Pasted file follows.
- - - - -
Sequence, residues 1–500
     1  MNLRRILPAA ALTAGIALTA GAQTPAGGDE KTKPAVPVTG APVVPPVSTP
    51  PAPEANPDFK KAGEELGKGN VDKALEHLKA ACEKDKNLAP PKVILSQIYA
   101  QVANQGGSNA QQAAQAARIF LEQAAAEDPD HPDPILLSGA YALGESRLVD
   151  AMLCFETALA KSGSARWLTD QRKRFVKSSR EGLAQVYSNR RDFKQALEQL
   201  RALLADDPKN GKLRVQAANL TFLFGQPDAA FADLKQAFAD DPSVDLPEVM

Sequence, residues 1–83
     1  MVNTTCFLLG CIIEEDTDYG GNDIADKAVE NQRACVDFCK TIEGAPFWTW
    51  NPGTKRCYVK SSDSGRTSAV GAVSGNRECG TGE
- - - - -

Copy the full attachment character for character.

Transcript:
Sequence, residues 1–500
     1  MNLRRILPAA ALTAGIALTA GAQTPAGGDE KTKPAVPVTG APVVPPVSTP
    51  PAPEANPDFK KAGEELGKGN VDKALEHLKA ACEKDKNLAP PKVILSQIYA
   101  QVANQGGSNA QQAAQAARIF LEQAAAEDPD HPDPILLSGA YALGESRLVD
   151  AMLCFETALA KSGSARWLTD QRKRFVKSSR EGLAQVYSNR RDFKQALEQL
   201  RALLADDPKN GKLRVQAANL TFLFGQPDAA FADLKQAFAD DPSVDLPEVM

Sequence, residues 1–83
     1  MVNTTCFLLG CIIEEDTDYG GNDIADKAVE NQRACVDFCK TIEGAPFWTW
    51  NPGTKRCYVK SSDSGRTSAV GAVSGNRECG TGE